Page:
Less than a year ago, during the Obama administration, Congress enacted the Water Infrastructure for Improvements to the Nation (WIIN) Act around the same time as the Enhanced Delta Smelt Monitoring (EDSM) program was founded. The state was thinking on the same plane as the federal government, as one of the many mandates of the WIIN Act requires the Department of Interior to establish increased monitoring and distribution studies of Delta smelt.
The focus of the EDSM program is to record and determine the abundance, or lack thereof, of Delta smelt in eight locations in the Delta. Project objectives include estimating the number of Delta smelt at risk of entrainment and developing ways to provide early warning.
The program ran from December 15, 2016 to November 24 of this year and was broken up into three phases. Phase one went from December through March and focused on adult Delta smelt. Phase two then continued from April through June, concentrating on post-larval smelt. Finally, phase three picked up from July through November, focusing on juvenile and sub-adult populations.
Crews set out once a week for four or five days and trawled in waters ranging from two to ten meters deep, sampling at least twice unless a predetermined amount of Delta smelt were caught in the first sample. The most recent samples taken the last week, ending phase three, found a total of three Delta smelt in one of the 25 sites surveyed, the Suisun Marsh. That followed finding only one the week prior in the lower Sacramento River.
The Delta Stewardship Council held a long-term operations biological opinion science review yesterday in West Sacramento where Ken Newman, a mathematician and statistician with the U.S. Fish and Wildlife Service (USFWS), presented the EDSM program to an independent review panel seeking unbiased feedback. This biennial science review is intended to examine last year's water operations and actions of several agencies set by their particular Reasonable and Prudent Alternatives, looking at the best available science to make informed decisions on an appropriate future trajectory.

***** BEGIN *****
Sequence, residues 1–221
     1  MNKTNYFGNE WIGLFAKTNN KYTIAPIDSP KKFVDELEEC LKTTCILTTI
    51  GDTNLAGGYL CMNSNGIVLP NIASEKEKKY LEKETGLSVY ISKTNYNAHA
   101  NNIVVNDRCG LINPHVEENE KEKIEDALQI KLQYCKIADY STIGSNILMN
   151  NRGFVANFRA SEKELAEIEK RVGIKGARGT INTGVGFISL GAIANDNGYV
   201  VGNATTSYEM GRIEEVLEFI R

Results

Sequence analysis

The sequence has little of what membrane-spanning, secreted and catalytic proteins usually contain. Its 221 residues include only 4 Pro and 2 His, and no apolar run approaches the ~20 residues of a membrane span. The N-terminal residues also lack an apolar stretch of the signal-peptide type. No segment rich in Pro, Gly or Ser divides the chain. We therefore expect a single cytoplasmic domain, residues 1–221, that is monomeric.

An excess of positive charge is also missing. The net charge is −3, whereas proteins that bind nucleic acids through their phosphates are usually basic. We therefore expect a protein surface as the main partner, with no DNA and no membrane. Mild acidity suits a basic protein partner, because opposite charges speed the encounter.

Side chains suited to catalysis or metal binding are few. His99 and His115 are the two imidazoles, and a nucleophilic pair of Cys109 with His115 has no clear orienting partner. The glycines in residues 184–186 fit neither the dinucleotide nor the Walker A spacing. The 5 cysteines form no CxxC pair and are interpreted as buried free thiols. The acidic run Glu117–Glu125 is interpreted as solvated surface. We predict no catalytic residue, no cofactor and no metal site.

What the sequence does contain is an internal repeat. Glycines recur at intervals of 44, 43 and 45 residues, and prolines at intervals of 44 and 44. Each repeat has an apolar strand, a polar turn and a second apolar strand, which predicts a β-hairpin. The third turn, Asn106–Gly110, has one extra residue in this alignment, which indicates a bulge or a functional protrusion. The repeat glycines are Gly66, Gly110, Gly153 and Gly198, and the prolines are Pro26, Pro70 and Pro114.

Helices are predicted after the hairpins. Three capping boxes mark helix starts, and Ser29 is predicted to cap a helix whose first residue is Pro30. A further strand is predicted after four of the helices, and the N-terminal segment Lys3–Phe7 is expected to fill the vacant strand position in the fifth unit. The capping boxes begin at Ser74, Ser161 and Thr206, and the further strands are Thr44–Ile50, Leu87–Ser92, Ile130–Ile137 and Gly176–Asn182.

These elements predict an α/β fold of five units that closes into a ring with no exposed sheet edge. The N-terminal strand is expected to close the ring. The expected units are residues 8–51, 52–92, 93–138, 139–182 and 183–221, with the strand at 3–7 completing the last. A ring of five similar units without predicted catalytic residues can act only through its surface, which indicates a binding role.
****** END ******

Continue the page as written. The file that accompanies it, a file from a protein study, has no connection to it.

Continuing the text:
A concern with the program is that Delta smelt are becoming increasingly sparse and such a small amount are being found, despite the intense effort to find them. The program has taken some criticism about the study area being too small and excluding nearshore areas. Waters that are less than two meters deep make up about six percent of the suitable habitats where Delta smelt may reside in the Bay-Delta region.
Dr. Brian Kennedy from the science panel asked Newman, “If you are forced to defend your decision not to sample areas less than two meters, what's the best answer for that?”
“That's a big open question, what's the density of fish in that six percent?...If they're really dense there, that small amount could matter,” Newman said.
A weekly report is released every Friday on the USFWS website with information about which sites have Delta smelt findings, including graphs and maps. There is a lot of attention on monitoring lately and it seems to be a common trend among agencies. Continued monitoring of the nearly extinct Delta smelt is crucial to understanding our ecological impact in the Delta, and the program could start inspecting the more shallow waters in 2018.